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Moral StealthHow "Correct Behavior" Insinuates Itself into Psychotherapeutic Practice$
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Arnold Goldberg Goldberg

Print publication date: 2007

Print ISBN-13: 9780226301204

Published to Chicago Scholarship Online: March 2013

DOI: 10.7208/chicago/9780226301365.001.0001

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PRINTED FROM CHICAGO SCHOLARSHIP ONLINE (www.chicago.universitypressscholarship.com). (c) Copyright University of Chicago Press, 2021. All Rights Reserved. An individual user may print out a PDF of a single chapter of a monograph in CHSO for personal use.date: 28 July 2021

A Risk of Confidentiality

A Risk of Confidentiality

Chapter:
(p.49) Chapter Five A Risk of Confidentiality
Source:
Moral Stealth
Publisher:
University of Chicago Press
DOI:10.7208/chicago/9780226301365.003.0006

The idea of a “background” is prominent in certain philosophical circles, but it may also apply to psychoanalysis and psychotherapy. Over time the ordinary and accustomed ways in which analysts and therapists operate become so routinized that they fade into the background and are no longer subject to concern and attention. This chapter develops the idea of the fading of ideas into the background, utilizing the assumption of a basic right of confidentiality. In order to handle the inevitable pressures brought upon a therapist for breaks in this absolute position, Christopher Bollas and David Sundelsen offer the position of “social therapist” as one (in sharp contrast with a psychoanalyst) who both treats the patient and actively intervenes in the patient's life. If one were to list the rather ordinary requests and demands for breaks in confidentiality, they would fall into two categories. The first would have to do with those which would benefit the treatment, and the second with those which would benefit others but may either harm or benefit the treatment.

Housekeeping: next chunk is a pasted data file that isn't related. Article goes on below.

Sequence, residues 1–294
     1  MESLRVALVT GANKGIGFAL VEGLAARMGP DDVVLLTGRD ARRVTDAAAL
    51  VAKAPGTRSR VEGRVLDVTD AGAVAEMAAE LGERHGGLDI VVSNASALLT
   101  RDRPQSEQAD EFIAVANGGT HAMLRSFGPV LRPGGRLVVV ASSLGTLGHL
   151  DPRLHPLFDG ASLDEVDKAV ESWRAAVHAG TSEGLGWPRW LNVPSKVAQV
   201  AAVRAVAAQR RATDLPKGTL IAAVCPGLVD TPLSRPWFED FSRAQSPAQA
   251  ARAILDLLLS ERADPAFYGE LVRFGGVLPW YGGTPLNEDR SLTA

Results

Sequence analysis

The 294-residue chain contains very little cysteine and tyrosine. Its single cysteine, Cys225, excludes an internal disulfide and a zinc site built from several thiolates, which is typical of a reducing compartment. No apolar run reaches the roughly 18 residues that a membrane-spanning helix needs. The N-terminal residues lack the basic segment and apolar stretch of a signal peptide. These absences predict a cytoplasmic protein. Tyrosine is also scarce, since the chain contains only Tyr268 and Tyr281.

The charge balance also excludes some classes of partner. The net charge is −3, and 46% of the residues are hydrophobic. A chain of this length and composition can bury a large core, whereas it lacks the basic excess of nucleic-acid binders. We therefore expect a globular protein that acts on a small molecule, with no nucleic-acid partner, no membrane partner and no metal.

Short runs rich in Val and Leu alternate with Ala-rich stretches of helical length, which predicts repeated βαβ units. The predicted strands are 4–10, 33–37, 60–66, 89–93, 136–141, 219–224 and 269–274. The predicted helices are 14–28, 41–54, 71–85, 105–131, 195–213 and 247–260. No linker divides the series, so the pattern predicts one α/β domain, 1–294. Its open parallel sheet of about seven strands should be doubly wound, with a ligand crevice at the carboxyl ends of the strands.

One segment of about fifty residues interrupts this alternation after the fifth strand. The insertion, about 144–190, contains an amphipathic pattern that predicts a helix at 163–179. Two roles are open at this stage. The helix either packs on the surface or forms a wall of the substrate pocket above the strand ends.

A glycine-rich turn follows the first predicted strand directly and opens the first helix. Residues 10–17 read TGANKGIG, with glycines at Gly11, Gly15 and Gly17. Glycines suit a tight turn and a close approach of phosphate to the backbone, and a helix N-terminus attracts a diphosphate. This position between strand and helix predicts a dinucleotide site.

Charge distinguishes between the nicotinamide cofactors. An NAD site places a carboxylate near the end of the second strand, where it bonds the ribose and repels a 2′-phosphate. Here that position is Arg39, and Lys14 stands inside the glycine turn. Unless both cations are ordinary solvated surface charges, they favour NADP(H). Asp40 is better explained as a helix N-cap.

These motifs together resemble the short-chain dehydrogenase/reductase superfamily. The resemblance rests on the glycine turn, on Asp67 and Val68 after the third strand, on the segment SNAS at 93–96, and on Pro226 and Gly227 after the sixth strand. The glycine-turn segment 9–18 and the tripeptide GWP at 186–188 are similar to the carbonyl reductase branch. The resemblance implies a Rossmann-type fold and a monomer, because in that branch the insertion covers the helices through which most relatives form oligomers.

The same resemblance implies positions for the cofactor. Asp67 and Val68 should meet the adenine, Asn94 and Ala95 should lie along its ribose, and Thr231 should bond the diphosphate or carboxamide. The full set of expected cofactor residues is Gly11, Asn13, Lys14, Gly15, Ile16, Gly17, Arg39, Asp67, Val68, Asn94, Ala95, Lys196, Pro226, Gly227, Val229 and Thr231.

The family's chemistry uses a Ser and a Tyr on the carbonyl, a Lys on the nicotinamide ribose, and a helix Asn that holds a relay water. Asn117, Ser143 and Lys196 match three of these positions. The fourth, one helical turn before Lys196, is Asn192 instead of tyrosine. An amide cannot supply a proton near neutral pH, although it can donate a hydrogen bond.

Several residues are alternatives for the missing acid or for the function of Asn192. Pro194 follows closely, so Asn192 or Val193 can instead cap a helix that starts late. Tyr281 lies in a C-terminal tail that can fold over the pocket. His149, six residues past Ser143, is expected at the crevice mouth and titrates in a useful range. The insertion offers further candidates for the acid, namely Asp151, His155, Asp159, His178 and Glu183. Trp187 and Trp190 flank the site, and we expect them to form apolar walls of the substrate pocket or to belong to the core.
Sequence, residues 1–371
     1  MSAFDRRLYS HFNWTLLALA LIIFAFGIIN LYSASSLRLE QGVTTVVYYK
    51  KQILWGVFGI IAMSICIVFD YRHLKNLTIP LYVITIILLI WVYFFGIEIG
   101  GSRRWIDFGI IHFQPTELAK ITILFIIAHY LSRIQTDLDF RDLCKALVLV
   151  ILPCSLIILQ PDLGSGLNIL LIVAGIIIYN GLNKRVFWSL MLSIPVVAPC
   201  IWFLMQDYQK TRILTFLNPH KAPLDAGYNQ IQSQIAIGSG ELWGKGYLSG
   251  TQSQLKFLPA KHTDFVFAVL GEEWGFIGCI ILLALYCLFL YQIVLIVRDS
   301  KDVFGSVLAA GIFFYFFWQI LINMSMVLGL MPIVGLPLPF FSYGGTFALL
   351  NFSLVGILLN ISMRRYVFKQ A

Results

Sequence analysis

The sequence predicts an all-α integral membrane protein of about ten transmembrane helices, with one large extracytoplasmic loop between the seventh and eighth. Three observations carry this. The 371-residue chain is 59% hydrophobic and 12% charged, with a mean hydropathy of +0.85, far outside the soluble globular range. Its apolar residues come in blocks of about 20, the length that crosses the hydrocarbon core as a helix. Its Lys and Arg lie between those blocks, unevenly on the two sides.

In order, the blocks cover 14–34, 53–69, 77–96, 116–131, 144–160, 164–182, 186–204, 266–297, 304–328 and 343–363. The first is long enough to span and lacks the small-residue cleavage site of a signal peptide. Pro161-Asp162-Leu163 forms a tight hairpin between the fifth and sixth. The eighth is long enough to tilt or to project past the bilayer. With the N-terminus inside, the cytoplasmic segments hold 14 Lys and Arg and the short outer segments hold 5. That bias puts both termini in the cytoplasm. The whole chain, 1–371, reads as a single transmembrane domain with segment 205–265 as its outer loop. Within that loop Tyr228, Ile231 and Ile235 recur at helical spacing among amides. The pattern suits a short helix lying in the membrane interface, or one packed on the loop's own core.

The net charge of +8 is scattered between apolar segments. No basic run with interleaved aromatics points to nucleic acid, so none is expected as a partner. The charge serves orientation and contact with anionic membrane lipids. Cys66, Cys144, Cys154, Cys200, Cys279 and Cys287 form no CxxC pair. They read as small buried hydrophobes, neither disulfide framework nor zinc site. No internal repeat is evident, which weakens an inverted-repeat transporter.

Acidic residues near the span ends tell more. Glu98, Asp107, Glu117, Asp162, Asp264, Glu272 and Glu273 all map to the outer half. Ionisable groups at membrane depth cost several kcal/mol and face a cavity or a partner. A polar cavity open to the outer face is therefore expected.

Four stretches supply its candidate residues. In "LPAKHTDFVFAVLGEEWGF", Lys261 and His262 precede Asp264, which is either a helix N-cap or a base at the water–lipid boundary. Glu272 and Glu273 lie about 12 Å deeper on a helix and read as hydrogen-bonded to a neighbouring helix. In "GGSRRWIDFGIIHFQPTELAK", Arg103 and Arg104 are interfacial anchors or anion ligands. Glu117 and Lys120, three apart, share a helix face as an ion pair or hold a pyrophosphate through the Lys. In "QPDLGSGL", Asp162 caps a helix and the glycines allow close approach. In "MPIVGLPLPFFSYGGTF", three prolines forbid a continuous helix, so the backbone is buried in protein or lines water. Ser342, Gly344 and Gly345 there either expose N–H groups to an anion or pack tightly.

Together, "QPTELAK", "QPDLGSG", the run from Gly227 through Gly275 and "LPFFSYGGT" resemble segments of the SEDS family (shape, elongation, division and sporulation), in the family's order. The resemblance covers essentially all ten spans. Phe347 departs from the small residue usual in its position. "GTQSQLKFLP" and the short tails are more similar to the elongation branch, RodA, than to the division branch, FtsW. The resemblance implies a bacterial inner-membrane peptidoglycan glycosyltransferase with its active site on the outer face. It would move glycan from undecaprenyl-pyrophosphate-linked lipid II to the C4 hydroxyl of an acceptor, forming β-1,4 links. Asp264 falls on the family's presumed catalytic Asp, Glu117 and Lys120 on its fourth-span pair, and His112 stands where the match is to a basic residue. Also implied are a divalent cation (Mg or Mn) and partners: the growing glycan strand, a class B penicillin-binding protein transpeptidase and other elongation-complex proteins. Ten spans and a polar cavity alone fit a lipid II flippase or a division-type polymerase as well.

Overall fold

Keywords:   background, confidentiality, psychoanalysis, psychotherapy, Christopher Bollas, David Sundelsen, social therapist, treatment, patient

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